In 2019, a photo-altering app took the world by storm. In mere seconds, you could make yourself look really old and a new viral sensation emerged.
Now, 4 years later, FaceApp has been downloaded more than 500 million times.
Seems harmless enough, until you start to read the small print. Did you know FaceApp is owned by Russian software developer Wireless Lab? Did you know by using the app, you hand over all rights to the use of your likeness?
“Perpetual use”, in the words of FaceApp’s terms of service, “to use, reproduce, modify, adapt, publish, translate, create derivative works from, distribute, publicly perform and display your user content and any name, username or likeness provided in… all media formats and channels now known or later developed without compensation to you”.
Basically, “you give us all of this for free, and we give you a digital picture of yourself looking old. And you’re welcome.”
The app doesn’t stop there, though. It also collects other data stored on your device, such as the websites you visit. At an individual level, the implications of this are severe. Clearly, the risk of identity theft would be high if that sort of data – your face – was to fall into the wrong hands.
But the real dangers go much further than that.
Numerous tech companies are using facial image and video data to “train” facial recognition algorithms.
This technology is already so sophisticated that tiny modules can scan a person’s facial points to interpret imperceptible micro-expressions and eye movements, then recognise from them human emotions, moods, and even intentions. Our faces can reveal a lot about us, from whether we are ill to how a bit of information makes us feel - happy, sad, angry, and fearful.
A study published by Stanford University in 2017 found that AI could even deduce someone’s sexuality just by scanning photos of their face. At the moment, several states in the USA and multiple countries around the world are actively working to legalise discrimination against the LGBTQIA community.
Were they to decide to incorporate facial recognition software in making determinations about whether or not someone is gay to then violate their fundament human rights, we would be entering a new normal that subjugates humanity to artificial intelligence.
The implications and risks of this technology - from law enforcement to politics, business to medicine - are huge and have already arrived.
We learned only this month that a company called Clearview AI legally downloaded billions and billions of photos posted to Facebook without the user’s consent and then used those images to train their own facial recognition software that they are now selling to law enforcement agencies across the United States.
How far away are we from a government or company saying they have the ability to read from someone’s face their “likelihood to commit a crime,” a la Tom Cruise’s film Minority Report? They could then decide to arrest someone because they “fit a description” that includes propensities determined via their data. Or even pre-arrest someone before they commit a crime.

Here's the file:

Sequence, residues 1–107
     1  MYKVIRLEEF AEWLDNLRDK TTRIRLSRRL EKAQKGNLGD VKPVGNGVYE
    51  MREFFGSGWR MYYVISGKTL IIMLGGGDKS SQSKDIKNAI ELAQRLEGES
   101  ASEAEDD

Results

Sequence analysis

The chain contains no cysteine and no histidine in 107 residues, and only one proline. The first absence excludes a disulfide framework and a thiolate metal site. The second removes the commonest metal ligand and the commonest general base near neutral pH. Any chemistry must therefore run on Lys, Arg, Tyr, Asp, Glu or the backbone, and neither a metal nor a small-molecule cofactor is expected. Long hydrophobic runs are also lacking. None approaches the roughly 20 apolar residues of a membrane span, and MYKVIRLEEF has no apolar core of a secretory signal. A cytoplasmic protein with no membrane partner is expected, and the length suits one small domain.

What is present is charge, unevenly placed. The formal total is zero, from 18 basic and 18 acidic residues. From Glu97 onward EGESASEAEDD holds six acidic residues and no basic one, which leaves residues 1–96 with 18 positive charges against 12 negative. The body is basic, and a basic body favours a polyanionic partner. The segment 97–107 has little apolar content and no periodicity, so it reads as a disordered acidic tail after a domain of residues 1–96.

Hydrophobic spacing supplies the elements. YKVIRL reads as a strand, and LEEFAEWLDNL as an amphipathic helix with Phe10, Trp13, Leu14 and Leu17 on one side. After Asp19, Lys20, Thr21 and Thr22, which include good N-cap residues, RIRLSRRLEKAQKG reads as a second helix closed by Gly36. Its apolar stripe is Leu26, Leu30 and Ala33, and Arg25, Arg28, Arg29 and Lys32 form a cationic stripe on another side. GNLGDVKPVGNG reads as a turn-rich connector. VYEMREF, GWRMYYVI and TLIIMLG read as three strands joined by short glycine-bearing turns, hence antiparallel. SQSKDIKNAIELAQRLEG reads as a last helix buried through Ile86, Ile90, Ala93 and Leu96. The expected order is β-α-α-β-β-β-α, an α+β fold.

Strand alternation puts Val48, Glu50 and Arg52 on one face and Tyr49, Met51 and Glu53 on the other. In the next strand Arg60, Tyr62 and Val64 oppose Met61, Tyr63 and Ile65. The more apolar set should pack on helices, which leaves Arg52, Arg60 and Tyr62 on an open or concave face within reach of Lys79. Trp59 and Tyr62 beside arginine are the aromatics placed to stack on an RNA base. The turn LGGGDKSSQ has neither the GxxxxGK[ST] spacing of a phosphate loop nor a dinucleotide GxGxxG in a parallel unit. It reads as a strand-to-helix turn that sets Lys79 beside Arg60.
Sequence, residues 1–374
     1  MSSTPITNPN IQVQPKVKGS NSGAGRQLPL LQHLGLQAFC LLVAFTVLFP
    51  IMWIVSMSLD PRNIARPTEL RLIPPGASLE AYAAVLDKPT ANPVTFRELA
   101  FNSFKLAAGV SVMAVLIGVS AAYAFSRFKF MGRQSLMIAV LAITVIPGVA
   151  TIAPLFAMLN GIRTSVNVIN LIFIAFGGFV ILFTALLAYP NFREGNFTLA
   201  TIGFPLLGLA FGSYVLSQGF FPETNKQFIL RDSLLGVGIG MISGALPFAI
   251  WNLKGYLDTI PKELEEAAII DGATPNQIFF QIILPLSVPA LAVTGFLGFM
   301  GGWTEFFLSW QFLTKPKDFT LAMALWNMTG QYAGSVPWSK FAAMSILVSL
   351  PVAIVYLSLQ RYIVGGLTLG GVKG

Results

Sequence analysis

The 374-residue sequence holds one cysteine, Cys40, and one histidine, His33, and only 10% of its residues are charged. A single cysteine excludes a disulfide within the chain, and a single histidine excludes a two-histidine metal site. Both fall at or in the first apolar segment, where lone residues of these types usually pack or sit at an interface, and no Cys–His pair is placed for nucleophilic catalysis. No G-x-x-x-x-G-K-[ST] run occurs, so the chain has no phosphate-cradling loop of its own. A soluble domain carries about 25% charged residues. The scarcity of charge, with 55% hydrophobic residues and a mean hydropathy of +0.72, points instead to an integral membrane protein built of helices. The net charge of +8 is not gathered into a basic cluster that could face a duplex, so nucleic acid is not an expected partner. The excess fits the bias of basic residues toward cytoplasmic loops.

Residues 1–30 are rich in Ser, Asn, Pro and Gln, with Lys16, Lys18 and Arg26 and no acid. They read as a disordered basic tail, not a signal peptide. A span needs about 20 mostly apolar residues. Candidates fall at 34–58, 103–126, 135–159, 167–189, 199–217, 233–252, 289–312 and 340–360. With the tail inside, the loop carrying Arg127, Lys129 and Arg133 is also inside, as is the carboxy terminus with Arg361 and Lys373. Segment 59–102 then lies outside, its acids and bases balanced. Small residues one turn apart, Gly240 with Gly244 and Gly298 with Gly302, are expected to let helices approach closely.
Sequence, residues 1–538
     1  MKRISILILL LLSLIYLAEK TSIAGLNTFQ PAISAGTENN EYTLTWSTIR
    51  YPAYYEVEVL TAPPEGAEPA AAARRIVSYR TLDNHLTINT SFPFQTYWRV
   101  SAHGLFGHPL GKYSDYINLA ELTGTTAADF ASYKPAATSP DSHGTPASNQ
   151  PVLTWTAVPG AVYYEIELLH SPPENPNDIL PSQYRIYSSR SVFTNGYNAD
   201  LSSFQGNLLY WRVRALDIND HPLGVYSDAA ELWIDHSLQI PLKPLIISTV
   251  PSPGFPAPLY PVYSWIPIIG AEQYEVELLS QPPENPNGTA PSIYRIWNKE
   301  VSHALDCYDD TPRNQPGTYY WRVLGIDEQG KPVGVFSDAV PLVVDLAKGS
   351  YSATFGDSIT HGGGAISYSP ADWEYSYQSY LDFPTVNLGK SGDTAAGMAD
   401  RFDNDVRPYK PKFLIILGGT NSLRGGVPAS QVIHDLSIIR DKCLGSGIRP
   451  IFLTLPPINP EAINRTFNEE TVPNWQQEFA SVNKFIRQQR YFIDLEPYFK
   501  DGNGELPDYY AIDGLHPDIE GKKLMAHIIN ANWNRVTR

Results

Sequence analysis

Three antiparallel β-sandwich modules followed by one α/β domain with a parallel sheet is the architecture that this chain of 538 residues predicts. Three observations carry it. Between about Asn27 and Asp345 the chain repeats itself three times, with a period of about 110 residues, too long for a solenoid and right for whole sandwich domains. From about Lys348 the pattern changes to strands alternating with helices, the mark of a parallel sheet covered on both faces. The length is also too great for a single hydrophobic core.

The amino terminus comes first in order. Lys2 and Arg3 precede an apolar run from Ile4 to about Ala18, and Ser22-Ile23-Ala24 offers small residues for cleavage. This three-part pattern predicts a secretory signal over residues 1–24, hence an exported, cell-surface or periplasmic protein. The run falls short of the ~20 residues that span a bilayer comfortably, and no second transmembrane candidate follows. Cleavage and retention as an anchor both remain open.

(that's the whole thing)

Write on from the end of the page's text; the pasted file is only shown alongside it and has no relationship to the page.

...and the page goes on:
This technology would also inevitably further entrench the massive racial disparities that already plague the real world. A federal study in the USA recently found that Black, Asian, and Native American people were up to 100 times more likely to be misidentified by facial recognition systems than white people. Not only are these technologies performing poorly, but giving them primacy over human decision-making is extremely dangerous.
Facial recognition technology is a major threat to people’s civil liberties and freedoms.
What happens when the burden of proof shifts to where law enforcement doesn’t have to prove you’re guilty, but you have to prove you’re innocent? It could turn the entire justice system on its head, and not in a good way.
There are early strides being made in the European Union and the White House to begin defining and defending people’s rights in the era of artificial intelligence. As has been seen with the fight to reign in the power of social media companies, however, the pace of technological development far outpaces the machinations of deliberative democracy.
The broader risk to society from artificial intelligence like facial recognition has never been greater, and the need to challenge these technologies must move faster to not only keep up but stay ahead of the worst-case scenarios. After all, shouldn’t your face belong to you?
Kyle Taylor is the Founder and Director of Fair Vote UK, which published whistleblower evidence of Vote Leave’s lawbreaking in the EU referendum and supported Chris Wylie’s whistleblower revelations around Cambridge Analytica’s global data theft and misappropriation. He is a leading campaigner on digital democracy reform and platform regulation in the UK and internationally. Kyle was the Campaign Director and Chief of Staff to a UK government minister and has worked on half a dozen election campaigns in the UK and the USA, including the 2016 US Presidential Campaign and the 2020 US Georgia Senate Runoff, which Democrats won by less than 56,000 votes.
He is the author of new book The Little Black Book of Social Media (£9.99).